I’ve no idea if this is gonna work. I asked Pete at the beginning of this to, in fact a few hours ago, to set up some stuff around the room. Where are they, Pete? Ah they’re here. Oh, I thought they were gonna be further away. Well. This is the little amp which currently we are selling. So, I mean I don’t like to sell stuff, you know, but, you know, if you fancy buying one of these then [mumbles]……


So I shall see if it works. We have three, I think, at this particular moment in time….

Brian playing medley - Hous of Guitars

On Red Special:
– Intro chords…
– AMAZING GRACE – verse on guitar

It seems to be working anyway. [Clapping and whistling]

– (continues Amazing Grace in style of slow Hammer to Fall)
– BRIGHTON ROCK (clapping extract)

[Clapping and cheering]

You’re very kind. Thank you. I know all of you can play a lot better than that. [Laughing]

I used to be allowed to make a noise, you know. If anybody… I don’t have anything to do for the next like 3 minutes, so [laughs] if anybody has any questions, I’d be happy to, to take a couple if you want, if there’s anything you wanna know.

Brian at House of Guitars

AUDIENCE MEMBER: Brazil, was it 81, I saw you in Sao Paulo?

BM: I couldn’t tell ya.


It coulda been Sao Paulo in 81. Yeah about 81 probably.

AUDIENCE MEMBER: Brian, which album?

BM: Which album? What – the one in my head. I’d seriously like to make another album, you know, sort of guitar music. There will be a time. I’d love to – thank you for asking me.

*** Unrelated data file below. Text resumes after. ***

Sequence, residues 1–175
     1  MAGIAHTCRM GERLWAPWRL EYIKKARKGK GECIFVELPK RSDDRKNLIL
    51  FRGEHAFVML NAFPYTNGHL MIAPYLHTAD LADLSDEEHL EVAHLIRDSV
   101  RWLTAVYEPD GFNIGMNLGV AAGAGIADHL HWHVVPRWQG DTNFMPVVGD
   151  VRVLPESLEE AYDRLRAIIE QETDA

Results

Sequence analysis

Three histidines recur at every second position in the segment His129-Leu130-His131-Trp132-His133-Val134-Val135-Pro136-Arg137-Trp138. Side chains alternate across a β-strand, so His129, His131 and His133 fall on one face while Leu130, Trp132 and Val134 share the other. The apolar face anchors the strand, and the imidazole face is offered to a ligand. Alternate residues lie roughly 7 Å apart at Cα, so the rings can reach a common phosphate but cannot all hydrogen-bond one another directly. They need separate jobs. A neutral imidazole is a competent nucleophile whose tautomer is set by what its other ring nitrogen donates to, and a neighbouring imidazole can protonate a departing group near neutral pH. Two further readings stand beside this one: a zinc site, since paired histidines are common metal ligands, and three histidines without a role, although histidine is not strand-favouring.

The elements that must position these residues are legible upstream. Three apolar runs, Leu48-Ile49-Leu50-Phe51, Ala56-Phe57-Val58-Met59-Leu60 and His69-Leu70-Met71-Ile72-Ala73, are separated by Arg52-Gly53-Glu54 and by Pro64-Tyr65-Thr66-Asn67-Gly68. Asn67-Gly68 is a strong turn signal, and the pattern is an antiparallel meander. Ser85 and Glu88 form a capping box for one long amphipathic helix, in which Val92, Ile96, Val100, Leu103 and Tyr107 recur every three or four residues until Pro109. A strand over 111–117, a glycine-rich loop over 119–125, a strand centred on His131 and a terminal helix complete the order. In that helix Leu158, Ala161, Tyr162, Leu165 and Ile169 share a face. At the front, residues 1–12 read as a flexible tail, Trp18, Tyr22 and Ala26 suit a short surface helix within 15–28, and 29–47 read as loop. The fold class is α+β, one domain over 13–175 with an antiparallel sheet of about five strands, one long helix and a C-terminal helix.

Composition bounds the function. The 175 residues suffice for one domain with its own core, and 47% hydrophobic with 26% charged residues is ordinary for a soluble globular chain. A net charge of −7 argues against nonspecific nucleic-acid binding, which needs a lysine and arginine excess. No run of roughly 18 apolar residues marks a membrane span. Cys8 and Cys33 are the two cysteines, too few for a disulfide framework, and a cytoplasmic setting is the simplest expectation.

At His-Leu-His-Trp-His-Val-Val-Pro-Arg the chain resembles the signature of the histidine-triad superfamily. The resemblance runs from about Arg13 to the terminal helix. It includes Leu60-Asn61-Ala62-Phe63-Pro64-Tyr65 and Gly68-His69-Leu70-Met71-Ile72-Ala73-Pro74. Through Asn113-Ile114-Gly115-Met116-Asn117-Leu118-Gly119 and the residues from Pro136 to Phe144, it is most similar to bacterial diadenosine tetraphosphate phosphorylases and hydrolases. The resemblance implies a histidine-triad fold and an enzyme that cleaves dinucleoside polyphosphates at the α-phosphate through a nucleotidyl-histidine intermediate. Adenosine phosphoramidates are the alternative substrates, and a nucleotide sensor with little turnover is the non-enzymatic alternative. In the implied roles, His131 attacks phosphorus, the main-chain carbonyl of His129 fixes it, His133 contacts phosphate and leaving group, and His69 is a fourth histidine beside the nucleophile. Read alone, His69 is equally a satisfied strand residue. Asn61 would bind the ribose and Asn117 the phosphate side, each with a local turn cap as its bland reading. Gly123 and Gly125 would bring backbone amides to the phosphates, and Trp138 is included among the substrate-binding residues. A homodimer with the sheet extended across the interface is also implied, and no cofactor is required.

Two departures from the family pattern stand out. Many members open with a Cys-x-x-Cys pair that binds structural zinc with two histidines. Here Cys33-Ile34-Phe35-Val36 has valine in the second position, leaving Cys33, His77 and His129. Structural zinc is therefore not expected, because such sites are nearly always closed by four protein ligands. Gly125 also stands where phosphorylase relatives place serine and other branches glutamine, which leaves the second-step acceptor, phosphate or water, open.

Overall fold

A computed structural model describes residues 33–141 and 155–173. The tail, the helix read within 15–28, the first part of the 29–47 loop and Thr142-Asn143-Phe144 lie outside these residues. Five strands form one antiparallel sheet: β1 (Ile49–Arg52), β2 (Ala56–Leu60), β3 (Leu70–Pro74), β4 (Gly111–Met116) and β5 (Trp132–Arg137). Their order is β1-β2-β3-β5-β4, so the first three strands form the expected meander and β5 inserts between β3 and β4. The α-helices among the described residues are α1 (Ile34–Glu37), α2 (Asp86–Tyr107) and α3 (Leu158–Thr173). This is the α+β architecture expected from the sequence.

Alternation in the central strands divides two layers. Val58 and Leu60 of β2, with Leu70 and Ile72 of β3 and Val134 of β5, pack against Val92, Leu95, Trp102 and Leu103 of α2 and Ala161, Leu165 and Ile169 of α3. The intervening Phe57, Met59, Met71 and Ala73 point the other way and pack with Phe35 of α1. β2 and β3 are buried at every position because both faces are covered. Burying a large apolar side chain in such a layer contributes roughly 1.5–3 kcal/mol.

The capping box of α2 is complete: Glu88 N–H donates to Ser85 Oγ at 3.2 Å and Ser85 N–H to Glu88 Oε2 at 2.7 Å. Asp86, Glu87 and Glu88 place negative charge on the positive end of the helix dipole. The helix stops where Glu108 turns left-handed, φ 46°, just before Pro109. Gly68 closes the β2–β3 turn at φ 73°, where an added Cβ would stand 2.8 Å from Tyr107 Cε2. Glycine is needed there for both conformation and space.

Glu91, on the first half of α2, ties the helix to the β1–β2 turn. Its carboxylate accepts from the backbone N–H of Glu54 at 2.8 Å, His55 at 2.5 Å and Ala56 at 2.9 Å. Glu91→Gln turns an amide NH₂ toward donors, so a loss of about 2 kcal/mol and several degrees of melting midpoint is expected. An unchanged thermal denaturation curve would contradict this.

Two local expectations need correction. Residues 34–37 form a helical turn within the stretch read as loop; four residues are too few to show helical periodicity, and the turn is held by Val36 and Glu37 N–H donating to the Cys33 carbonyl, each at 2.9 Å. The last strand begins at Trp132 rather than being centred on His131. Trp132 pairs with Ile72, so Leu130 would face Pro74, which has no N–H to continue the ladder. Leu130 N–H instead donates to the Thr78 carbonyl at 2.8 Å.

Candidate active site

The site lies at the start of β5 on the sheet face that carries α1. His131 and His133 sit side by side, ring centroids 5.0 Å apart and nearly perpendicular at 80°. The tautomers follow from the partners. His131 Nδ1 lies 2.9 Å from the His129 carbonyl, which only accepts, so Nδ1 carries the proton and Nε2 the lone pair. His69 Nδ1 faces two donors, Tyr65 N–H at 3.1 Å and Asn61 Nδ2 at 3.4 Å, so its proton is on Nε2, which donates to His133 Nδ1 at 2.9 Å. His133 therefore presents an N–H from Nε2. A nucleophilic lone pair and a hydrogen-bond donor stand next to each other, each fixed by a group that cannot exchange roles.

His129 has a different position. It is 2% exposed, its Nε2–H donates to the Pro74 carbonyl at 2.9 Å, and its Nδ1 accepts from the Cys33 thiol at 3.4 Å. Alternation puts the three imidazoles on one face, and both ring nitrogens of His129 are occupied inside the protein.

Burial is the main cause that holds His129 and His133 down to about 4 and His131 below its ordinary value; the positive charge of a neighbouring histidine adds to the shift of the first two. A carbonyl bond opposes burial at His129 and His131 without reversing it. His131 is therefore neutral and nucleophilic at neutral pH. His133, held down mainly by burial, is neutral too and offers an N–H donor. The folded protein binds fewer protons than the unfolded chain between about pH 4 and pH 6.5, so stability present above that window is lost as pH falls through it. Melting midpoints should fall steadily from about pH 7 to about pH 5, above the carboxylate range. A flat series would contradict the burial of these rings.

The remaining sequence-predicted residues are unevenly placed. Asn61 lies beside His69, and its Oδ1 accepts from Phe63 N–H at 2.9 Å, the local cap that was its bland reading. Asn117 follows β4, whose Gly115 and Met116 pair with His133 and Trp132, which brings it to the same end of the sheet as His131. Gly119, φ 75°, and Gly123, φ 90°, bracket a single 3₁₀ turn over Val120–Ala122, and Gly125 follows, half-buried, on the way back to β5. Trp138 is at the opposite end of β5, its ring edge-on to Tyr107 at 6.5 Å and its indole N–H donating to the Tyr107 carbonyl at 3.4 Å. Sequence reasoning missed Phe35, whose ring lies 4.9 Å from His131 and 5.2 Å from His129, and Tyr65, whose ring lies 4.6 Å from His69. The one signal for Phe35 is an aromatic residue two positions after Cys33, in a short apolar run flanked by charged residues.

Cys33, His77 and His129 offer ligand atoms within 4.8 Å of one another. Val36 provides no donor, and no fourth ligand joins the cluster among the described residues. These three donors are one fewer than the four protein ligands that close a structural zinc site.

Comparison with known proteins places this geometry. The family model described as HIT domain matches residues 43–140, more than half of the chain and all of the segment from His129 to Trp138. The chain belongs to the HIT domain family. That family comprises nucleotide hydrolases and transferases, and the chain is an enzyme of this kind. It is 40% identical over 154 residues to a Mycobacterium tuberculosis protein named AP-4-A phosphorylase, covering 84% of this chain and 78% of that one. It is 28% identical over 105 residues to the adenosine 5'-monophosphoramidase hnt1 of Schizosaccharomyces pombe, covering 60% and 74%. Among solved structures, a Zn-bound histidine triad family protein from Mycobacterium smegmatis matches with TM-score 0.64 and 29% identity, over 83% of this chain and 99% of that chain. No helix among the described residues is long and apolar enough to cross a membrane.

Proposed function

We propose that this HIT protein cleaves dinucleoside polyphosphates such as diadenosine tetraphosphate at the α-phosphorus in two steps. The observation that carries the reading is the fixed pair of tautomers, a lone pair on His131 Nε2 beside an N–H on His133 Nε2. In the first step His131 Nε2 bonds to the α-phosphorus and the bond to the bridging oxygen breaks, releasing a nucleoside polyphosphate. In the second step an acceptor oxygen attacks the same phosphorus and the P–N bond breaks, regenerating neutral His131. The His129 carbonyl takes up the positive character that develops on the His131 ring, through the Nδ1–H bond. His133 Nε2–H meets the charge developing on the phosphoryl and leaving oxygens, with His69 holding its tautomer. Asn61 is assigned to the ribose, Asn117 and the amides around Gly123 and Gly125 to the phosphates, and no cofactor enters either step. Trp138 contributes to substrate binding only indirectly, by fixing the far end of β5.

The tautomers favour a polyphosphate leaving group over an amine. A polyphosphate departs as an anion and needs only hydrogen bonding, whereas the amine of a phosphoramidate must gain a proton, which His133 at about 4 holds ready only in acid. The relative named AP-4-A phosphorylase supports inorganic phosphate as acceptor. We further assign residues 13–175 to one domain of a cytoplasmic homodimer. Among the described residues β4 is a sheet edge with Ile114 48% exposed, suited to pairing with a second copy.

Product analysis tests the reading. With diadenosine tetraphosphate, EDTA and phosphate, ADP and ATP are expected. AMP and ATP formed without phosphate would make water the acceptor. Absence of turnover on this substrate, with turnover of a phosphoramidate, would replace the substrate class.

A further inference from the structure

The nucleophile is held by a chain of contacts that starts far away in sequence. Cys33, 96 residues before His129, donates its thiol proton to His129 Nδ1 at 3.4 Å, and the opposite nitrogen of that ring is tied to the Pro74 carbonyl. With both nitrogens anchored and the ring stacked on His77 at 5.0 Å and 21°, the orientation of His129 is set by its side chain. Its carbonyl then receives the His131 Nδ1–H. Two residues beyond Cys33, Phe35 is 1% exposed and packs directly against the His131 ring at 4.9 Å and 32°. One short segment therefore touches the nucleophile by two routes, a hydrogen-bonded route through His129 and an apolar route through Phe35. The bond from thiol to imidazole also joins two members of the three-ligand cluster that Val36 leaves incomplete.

At the moment I’m working on a Madrid Cast Album, which is actually great. It’s got a couple of great guitar players in Madrid in our show, in the We Will Rock You Show, and the cast are very good singers, so I’ve been working on putting their lines together, which should be out in a month’s time.

Last night I was working on a Pepsi advert. [Laughing]

Now you may laugh and I laugh as well, but these people came to us and said ‘We’d like to use We Will Rock You as a tune for our next TV commercial. Whaddaya think?’ And they said they’d pay us lots of money so we went ‘Nah’. [Laughing]

And then they said ‘Well we’ve got these three singers, who want to sing it and we want you to produce the singers – now we’ve got Britney Spears, we’ve got Pink, and we’ve got Beyonce…. And er… [Laughing]

…‘Do you still want to say No’. and I went: ‘Nah, nah, nah, I’ll do it.’ [Laughter]

So I had a great time when I was mixing some of that stuff yesterday, and that’s kind of what I get up to these days… all kinds of stuff, apart from Astronomy.

Does anybody read my website stuff?